Improvement in unexpected deaths figures

3
494


Health Secretary Nicola Sturgeon today visited Edinburgh Royal Infirmary to highlight the work being done across Scotland’s NHS to reduce hospital mortality.

Figures published today show a reduction in the number of unexpected deaths in hospitals of six per cent in the first 18 months since Scottish Patient Safety Programme (SPSP) was launched. (Jan 2008 – June 2009)….


Health Secretary Nicola Sturgeon today visited Edinburgh Royal Infirmary to highlight the work being done across Scotland’s NHS to reduce hospital mortality.

Figures published today show a reduction in the number of unexpected deaths in hospitals of six per cent in the first 18 months since Scottish Patient Safety Programme (SPSP) was launched. (Jan 2008 – June 2009).

The Hospital Standardised Mortality Ratio (HSMR) figures were published for the first time today. They will allow individual hospitals to drive improvement locally so that over time the figure reduces further.

Patient safety interventions mean that all hospitals will look at their care processes and systems to improve their HSMR.

Ms Sturgeon visited ward 205 at the Edinburgh Royal Infirmary to hear how the ward, along with other wards in NHS Lothian, have reduced infections and improved early intervention of deteriorating patients since bringing in the patient safety programme, which aims to reduce mortality and adverse incidents.

The Health Secretary said: “Driving down unintended harm to patients is a top priority for Scotland’s NHS and the Patient Safety Programme is absolutely crucial to helping us achieve this aim.

“Although there may be a number of factors contributing to the reduction in hospital mortality, I have no doubt that the programme played a major role.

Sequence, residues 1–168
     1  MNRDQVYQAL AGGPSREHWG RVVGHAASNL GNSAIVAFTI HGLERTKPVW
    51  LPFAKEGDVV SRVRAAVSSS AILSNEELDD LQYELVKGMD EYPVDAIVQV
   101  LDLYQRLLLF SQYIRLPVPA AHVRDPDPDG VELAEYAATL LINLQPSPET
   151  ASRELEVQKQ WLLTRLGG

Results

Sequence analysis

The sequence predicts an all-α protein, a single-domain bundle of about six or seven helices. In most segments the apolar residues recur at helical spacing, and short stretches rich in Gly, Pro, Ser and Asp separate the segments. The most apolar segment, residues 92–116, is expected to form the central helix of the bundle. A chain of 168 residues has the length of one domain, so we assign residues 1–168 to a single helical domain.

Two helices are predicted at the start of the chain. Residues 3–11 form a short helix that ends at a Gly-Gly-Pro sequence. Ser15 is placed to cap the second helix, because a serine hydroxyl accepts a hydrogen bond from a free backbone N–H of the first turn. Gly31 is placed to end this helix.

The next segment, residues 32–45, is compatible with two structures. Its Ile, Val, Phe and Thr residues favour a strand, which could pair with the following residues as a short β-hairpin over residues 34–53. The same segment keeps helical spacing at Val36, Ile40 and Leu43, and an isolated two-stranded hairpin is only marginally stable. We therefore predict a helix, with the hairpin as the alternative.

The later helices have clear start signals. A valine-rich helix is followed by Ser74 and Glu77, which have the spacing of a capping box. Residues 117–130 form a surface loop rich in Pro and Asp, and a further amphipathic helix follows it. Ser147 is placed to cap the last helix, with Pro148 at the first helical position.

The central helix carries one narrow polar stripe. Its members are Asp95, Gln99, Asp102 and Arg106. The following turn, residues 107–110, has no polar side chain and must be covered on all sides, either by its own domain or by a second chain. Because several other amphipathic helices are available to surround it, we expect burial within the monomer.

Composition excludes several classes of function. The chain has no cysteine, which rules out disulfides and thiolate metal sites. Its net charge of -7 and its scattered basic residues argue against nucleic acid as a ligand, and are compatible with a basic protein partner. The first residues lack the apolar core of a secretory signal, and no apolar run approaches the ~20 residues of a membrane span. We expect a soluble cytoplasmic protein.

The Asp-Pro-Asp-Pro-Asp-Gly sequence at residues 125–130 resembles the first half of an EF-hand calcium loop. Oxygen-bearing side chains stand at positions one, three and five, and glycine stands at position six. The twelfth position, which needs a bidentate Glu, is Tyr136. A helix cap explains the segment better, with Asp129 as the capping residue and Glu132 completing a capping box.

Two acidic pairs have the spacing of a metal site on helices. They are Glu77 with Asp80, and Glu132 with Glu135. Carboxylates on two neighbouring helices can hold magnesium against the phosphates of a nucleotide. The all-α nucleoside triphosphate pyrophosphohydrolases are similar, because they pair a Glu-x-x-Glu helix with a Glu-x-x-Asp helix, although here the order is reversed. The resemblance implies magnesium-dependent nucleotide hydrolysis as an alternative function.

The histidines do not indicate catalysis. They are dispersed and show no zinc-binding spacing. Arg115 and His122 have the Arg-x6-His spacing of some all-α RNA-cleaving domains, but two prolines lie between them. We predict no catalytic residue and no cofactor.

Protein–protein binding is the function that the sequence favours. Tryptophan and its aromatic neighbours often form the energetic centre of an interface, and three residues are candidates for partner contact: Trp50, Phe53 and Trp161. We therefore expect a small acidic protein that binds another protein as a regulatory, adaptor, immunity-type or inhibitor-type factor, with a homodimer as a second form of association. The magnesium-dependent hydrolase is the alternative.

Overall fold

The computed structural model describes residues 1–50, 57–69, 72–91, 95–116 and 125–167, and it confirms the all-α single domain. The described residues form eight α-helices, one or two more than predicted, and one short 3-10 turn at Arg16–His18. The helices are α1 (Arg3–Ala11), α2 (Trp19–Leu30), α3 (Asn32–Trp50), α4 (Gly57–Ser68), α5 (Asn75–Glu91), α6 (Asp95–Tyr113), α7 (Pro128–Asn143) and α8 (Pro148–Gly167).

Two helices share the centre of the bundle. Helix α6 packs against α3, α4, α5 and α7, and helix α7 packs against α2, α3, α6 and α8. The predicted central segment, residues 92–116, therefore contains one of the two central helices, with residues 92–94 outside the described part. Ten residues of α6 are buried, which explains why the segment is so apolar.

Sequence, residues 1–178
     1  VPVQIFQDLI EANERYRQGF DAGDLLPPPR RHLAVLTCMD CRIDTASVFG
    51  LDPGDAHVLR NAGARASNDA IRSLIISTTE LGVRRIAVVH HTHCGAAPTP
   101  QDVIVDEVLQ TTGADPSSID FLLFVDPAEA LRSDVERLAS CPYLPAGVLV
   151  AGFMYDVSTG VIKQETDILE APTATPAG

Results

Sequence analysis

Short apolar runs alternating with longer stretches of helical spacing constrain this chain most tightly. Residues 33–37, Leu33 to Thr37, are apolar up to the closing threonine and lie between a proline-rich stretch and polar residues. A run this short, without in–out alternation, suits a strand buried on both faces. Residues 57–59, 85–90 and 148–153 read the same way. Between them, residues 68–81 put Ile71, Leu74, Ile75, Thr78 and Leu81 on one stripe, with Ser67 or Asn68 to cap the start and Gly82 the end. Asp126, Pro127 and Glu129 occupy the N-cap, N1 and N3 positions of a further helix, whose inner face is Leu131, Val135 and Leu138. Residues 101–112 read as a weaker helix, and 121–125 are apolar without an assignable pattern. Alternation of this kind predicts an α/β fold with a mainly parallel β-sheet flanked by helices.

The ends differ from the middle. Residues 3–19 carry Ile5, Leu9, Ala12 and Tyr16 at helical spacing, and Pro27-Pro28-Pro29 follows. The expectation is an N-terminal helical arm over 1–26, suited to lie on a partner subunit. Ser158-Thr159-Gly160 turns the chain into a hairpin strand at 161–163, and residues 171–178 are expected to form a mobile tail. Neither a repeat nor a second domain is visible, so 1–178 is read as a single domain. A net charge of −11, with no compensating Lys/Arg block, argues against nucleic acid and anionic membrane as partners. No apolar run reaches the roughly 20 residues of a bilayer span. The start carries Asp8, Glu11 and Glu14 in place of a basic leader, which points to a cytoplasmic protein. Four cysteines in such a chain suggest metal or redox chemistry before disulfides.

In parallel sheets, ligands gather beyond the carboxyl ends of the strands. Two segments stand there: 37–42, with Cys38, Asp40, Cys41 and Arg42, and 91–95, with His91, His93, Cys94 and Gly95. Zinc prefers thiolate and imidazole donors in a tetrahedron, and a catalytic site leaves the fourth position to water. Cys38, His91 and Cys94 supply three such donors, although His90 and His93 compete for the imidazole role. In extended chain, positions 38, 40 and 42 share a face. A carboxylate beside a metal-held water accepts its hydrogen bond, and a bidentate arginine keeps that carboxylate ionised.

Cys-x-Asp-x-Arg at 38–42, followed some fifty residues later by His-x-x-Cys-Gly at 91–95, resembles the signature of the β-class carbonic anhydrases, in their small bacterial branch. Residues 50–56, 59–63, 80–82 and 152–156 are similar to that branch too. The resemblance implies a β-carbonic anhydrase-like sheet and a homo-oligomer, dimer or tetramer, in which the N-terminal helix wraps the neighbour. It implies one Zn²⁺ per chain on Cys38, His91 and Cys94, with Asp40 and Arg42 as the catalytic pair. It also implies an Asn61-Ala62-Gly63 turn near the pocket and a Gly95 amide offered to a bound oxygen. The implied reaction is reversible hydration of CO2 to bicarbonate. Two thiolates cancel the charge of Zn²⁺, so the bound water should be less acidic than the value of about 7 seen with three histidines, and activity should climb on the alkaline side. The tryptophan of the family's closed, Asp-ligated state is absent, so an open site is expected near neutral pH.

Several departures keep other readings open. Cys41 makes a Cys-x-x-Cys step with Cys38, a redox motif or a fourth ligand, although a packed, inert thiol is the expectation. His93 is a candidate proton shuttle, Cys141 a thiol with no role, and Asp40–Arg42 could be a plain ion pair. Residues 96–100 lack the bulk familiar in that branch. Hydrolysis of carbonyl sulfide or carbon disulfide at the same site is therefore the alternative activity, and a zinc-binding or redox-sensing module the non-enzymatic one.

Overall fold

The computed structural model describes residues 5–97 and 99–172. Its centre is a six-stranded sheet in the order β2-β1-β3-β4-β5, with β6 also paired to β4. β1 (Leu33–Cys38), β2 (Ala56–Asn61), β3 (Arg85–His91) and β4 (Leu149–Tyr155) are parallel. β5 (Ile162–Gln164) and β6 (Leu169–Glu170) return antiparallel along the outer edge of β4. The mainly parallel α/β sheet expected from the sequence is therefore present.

“While the six per cent reduction is encouraging, we are not complacent. The information published today will help us improve the quality and safety of patient care and provide early warning about areas of concern. It means not only more transparency, but provides key intelligence in the drive for improvement. I expect to see these rates coming down over time, and our efforts will continue unabated to drive this figure down hospital by hospital. Every hospital and every NHS Board will be expected to scrutinise this data to drive improvement locally.”

Today’s visit coincides with an international gathering of patient safety experts from the USA, Sweden and Denmark who have come to Scotland to see first-hand the impact the patient safety programme is having.

Ms Sturgeon continued: “Scotland is the first country in the world to implement a national patient safety programme across the whole healthcare system. Up and down the country there are examples of improvements being made. What’s being done here on ward 205 underlines the dedication, drive and professionalism of NHS staff to improve quality and safety. Earlier this year I announced the Quality Strategy, our blueprint for driving up standards of care and ensuring patients are at the heart of everything the NHS does. The improvements we’ve seen today in these figures and here at the Royal Infirmary are clear demonstrations of the Quality Strategy in action.”